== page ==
5 Ways to Effectively Deliver Praise to Children


Praising children for positive behaviours is a powerful way to teach them how to cooperate with others and follow social rules and norms. Praise, especially from parents, teachers and other role models, tends to be rewarding for children, and when behaviour is rewarded it happens more and more over time.

While there is plenty of research supporting the idea that praise is helpful for increasing the chance that your child will follow your instructions or comply with requests, there is also research suggesting that it can have no effect on compliance or even decrease the likelihood of compliance. What we can draw from this is that the way that praise is delivered will be important in achieving positive outcomes.

Here are five proven ways to deliver praise in ways that function as a powerful and effective reward, promotes strong relationships and positive behaviours in children.

1. Describe What You See Rather than Evaluating What You See

Evaluative praise is the kind of praise that most people are used to giving. “Good job!” “You’re such a fast runner!” “You did really well on the exam!” “Your handwriting is beautiful!” These are all examples of evaluative praise.

This type of praise attaches a characteristic (e.g. beautiful, good, fast) to the child. It is only natural for us to want to provide a positive judgment while we give praise, as surely the judgment is what warrants the praise? It’s that reasoning that can make well-intentioned evaluative praise unhelpful for children.

Some children can internalise the message that they should only feel good about themselves if they perform well. How should they feel if they don’t perform well? Evaluative praise may also create more dependence on others for rewards and reinforcement than descriptive praise.

Descriptive praise is non-judgmental. It’s a thoughtful observation about what the child has done and can include how the child may be feeling about what they have done, e.g. “You stacked so many blocks on top of each other! You look really pleased about what you have built”. It gives positive attention to the behaviour and it teaches children to notice their own feelings about what they have done.

2. Be Specific Rather Than General

Specific praise puts the rewarded behaviour in focus. Although it may be obvious to the care-giver why they are giving the praise, it may not be so obvious to the child. Specific praise not only feels good, it also gives the child information about what it is that they are doing that is helpful or on the right track. Descriptive praise, by its nature is specific so by remembering to describe, you are covering both bases!

3. Praise For Effort Rather Than Achievement

Use praise to recognise improvement, perseverance and engagement with a task. Persevering in the face of obstacles, attending closely, trying to learn and improve are all qualities that can be more valuable than overall cognitive ability or academic achievement in the outside, adult world.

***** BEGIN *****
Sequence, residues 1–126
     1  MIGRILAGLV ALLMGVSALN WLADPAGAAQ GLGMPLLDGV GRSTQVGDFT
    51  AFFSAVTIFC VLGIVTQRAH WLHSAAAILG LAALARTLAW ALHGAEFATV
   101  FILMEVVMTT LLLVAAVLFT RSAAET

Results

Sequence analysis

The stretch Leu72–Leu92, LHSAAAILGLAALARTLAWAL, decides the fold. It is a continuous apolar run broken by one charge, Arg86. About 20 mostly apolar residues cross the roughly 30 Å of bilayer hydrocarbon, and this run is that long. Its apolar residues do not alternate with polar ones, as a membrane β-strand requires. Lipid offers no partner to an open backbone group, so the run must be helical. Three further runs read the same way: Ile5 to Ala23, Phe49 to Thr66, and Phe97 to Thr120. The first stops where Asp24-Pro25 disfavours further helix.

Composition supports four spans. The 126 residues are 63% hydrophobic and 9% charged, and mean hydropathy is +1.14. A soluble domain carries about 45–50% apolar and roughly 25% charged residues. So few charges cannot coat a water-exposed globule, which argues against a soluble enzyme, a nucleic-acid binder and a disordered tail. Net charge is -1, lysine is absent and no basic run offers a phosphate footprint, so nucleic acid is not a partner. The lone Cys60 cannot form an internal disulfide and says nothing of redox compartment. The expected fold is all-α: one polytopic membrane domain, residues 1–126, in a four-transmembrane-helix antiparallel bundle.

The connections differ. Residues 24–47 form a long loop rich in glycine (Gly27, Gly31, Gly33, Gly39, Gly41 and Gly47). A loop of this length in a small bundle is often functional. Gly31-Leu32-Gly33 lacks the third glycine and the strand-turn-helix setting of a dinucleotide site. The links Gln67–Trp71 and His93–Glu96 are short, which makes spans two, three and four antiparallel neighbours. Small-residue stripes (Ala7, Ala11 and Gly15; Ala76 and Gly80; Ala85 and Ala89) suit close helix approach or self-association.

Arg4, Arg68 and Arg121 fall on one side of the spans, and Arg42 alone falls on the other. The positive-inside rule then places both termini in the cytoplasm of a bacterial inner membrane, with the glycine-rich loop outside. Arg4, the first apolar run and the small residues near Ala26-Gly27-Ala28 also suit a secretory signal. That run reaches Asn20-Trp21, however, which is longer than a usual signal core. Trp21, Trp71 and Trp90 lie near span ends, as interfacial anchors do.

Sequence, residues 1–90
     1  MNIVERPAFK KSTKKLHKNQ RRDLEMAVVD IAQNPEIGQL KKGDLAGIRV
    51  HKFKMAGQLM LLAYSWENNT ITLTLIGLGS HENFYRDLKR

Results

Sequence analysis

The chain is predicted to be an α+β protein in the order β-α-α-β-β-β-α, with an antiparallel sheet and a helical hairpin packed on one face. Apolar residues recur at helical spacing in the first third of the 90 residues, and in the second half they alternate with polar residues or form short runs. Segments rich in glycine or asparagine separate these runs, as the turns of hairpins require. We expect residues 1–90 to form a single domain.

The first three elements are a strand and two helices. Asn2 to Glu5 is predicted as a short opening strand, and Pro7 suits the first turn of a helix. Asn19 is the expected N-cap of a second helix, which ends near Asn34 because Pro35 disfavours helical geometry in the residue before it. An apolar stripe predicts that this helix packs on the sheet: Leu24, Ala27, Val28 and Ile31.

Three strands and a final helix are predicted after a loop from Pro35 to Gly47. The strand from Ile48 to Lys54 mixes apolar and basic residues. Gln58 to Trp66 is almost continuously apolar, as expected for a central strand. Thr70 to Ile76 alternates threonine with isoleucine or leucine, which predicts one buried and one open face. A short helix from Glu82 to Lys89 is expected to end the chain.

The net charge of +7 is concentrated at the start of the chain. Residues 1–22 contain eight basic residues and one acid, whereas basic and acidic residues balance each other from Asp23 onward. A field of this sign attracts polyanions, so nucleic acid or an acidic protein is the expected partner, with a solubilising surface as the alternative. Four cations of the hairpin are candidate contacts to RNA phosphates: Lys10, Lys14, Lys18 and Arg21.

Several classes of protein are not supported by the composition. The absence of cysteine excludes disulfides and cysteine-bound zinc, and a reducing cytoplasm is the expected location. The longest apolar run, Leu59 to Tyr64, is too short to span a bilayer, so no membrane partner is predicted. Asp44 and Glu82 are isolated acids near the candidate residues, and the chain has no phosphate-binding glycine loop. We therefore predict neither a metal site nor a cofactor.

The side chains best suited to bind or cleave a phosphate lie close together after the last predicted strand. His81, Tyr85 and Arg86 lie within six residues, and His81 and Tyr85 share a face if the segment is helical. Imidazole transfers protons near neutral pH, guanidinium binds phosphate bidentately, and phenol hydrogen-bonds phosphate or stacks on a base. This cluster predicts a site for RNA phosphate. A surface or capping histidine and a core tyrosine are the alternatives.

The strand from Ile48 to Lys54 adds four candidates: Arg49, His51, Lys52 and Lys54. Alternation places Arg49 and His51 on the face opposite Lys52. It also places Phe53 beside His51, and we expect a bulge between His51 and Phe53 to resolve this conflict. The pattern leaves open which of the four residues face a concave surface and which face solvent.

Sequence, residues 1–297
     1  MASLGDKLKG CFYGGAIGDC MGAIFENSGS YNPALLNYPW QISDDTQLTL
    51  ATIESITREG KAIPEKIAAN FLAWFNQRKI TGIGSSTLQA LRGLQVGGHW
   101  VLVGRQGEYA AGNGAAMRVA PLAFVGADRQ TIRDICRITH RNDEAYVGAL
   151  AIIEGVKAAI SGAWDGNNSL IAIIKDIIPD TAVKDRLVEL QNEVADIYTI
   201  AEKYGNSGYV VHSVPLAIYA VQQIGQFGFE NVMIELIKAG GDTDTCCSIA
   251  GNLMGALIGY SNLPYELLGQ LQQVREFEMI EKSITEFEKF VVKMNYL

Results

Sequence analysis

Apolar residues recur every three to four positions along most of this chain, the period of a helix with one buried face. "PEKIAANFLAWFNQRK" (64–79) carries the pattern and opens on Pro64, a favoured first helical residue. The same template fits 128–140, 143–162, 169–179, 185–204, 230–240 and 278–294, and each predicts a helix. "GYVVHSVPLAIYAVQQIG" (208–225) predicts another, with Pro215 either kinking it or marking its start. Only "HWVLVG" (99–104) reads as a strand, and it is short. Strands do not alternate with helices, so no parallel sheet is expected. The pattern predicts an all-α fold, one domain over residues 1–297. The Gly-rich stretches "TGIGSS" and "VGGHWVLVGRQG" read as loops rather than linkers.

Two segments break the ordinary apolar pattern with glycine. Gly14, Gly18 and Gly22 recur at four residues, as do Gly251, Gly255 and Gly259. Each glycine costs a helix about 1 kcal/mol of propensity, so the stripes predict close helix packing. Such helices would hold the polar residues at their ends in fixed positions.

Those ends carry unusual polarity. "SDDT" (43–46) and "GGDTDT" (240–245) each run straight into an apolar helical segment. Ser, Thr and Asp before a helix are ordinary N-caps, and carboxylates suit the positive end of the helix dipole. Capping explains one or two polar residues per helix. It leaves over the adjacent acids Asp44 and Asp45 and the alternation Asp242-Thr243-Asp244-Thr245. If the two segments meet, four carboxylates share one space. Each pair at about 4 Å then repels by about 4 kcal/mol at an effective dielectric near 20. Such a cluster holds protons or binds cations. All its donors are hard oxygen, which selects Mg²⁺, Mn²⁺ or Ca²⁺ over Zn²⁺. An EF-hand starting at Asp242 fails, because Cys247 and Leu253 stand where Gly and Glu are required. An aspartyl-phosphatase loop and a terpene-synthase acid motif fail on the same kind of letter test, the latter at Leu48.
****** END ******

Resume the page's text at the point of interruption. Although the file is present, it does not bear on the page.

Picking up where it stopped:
Praise for effort reminds children that these attributes are valuable, helpful and admirable in and of themselves, regardless of the outcome. However, it is important to be genuine with praise for effort - look out for it and give it when it is actually earned.

4. Pair Verbal Praise With Positive Attention

The research indicates that verbal praise is more likely to shape positive behaviours in children when it is paired with non-verbal praise, or positive attention. Examples of non-verbal praise include smiling and physical affection if appropriate. Another benefit of descriptive praise is that it communicates to the child that you are watching what they are doing and noticing them (i.e. you are giving them positive non-verbal attention as well as verbal praise).  

5. Praise Soon After Positive Behaviour

Praising soon after the behaviour will better help your child connect the praise to the behaviour. You don’t want to praise every positive behaviour. It may not be helpful to praise behaviours that you would expect from the child as a minimum standard. Set the bar for praise at a reasonable level that you know is achievable for that child but not too easy.

At the same time, it can become all too easy to conceptualise all positive behaviour as “what is expected” and “how you should be behaving anyway”. When this happens, you could have a situation where the child learns that unproductive behaviours draw attention and foster connections with care-givers more so than positive behaviours. So it is important to recognise and celebrate positive behaviours so that more unhelpful behaviours do not dominate the classroom or home environment.

Praise is an important part of connecting with your child. If you would like more information or practical strategies for helping your child, please contact us today to make an appointment.

About the Author

This article was written by Anuja Ng. She holds a Master of Psychology (Clinical) from the University of New South Wales and was awarded the University Medal for Psychology. Anuja is dedicated to working collaboratively with her clients to understand their goals and to develop and implement an effective treatment plan that is tailored to the client's needs and capitalises on their strengths.